Constructive dismissal and maternity leave

A constructive dismissal involves the employee resigning in response to fundamental breach of contract on the part of the employer. Normally the employee will need to make it clear both that they are resigning and that the reason for their resignation is the employer’s conduct. In Chemcem Scotland Ltd v Ure however the EAT held that these requirements were met by implication when an employee simply failed to return from maternity leave.

The case involves a family business in which the employee in question was the daughter of the owner. While she was on maternity leave, he was in the process of divorcing her mother, having formed a relationship with someone else – who was also an employee of his business. If his daughter returned from maternity leave, she would be his new partner’s manager. It seems that this led to some tension and conflict.

The Tribunal identified a number of matters in the handling of her maternity leave that amounted to a breach of mutual trust and confidence. These included failing to pay her SMP on time and refusing to answer queries about what she was entitled to. The whole circumstances, the Tribunal found, showed that her father was hostile to the idea of her continued employment by the company. In the event she did indeed decide not to return but did not expressly resign. The Tribunal found that her resignation could be implied from the circumstances and took effect on the day when she had been due to return to work.

The EAT upheld this finding. It rejected the argument that the employee had not clearly communicated the fact that she was resigning or her reason for leaving. As the Tribunal had pointed out the employer had not, when she failed to return, taken any steps to clarify matters or ask her about her intentions. In the circumstances of the case her failure to return was ‘eloquent of the true position’ and this was understood by the employer.  

Breach of contract

Repudiatory – or very serious – breaches of contract entitle the other party to the contract to consider that the contractual terms have been metaphorically ripped up. What happens in a case where one party contemplates breaching a contract, but the other party beats them to it? In Palmeri v Charles Stanley, Mr Palmeri was a self-employed stockbroker who had worked for Charles Stanley for more than 20 years. He had a three-month notice period, but his contract did not contain a payment in lieu of notice (PILON) clause. The business decided to change its operating model to take a bigger chunk of Mr Palmeri’s earnings. He was not pleased. The company gave him an ultimatum – sign a new contract on the new terms or leave immediately with a PILON. Mr Palmeri reacted furiously and was verbally abusive to the managers present and the firm more generally. He then agreed to take the new terms under protest for the duration of his notice period. Unfortunately, the abusive behaviour continued and escalated so the company withdrew the offer of new terms and summarily (without notice) terminated his contract.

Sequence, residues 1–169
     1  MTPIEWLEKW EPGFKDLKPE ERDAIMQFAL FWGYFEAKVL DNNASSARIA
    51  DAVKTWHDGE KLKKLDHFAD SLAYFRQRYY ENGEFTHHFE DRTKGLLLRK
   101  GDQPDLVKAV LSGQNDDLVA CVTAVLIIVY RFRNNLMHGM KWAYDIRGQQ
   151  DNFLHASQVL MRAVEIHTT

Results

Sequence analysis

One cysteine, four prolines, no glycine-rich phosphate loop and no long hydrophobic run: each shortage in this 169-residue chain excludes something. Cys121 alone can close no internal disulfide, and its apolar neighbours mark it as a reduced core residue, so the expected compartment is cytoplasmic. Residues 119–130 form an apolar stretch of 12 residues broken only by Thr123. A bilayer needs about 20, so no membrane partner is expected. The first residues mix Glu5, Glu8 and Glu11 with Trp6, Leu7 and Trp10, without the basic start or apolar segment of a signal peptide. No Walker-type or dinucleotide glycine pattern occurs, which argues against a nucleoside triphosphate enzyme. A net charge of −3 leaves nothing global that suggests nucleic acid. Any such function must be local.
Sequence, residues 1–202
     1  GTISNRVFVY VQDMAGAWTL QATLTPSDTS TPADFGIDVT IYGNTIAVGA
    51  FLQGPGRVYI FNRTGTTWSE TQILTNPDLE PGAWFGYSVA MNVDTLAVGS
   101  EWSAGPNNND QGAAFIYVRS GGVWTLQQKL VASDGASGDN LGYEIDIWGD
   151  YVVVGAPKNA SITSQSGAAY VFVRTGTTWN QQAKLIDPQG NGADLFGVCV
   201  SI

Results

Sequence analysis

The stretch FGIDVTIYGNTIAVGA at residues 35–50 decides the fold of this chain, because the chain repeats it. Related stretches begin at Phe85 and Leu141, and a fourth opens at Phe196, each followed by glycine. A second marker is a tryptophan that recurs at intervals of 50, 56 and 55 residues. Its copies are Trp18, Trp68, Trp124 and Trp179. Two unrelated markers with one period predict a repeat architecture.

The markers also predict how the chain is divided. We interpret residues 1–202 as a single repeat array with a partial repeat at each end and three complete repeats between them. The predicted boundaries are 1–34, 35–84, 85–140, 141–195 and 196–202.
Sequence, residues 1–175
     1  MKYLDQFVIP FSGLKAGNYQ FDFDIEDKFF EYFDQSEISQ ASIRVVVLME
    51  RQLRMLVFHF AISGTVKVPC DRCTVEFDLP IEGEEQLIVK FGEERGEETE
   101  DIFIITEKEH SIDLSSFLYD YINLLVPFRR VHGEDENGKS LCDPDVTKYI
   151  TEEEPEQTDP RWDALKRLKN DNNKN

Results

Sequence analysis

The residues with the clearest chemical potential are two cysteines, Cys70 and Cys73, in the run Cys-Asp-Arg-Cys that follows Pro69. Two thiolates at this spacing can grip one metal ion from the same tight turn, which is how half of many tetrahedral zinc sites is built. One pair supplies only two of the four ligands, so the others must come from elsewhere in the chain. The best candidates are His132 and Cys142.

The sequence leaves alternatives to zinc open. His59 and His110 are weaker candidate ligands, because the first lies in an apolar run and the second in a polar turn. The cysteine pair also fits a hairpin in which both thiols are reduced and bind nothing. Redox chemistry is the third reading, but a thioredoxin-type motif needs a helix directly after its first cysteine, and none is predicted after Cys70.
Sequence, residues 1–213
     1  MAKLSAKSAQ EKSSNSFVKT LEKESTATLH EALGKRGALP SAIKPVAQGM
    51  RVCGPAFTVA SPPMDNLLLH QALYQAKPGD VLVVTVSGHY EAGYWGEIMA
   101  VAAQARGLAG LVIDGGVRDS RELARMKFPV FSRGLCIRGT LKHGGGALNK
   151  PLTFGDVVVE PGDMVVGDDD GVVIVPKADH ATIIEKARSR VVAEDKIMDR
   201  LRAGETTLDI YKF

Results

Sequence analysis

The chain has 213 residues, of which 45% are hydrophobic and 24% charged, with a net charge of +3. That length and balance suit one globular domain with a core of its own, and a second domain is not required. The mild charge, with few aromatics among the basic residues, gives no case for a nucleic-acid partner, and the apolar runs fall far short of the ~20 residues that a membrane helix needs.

Mr Palmeri brought two claims in the High Court – one for breach of contract for the summary termination and a second claim for breach of the implied term of mutual trust and confidence for failing to allow him an orderly exit for his clients. The company said Mr Palmeri’s abusive behaviour was a repudiatory breach of contract which entitled them to ignore contractual terms and terminate without notice. They also relied on several serious regulatory breaches which they only discovered after his termination. They said he was already in repudiatory breach of contract due to those regulatory breaches.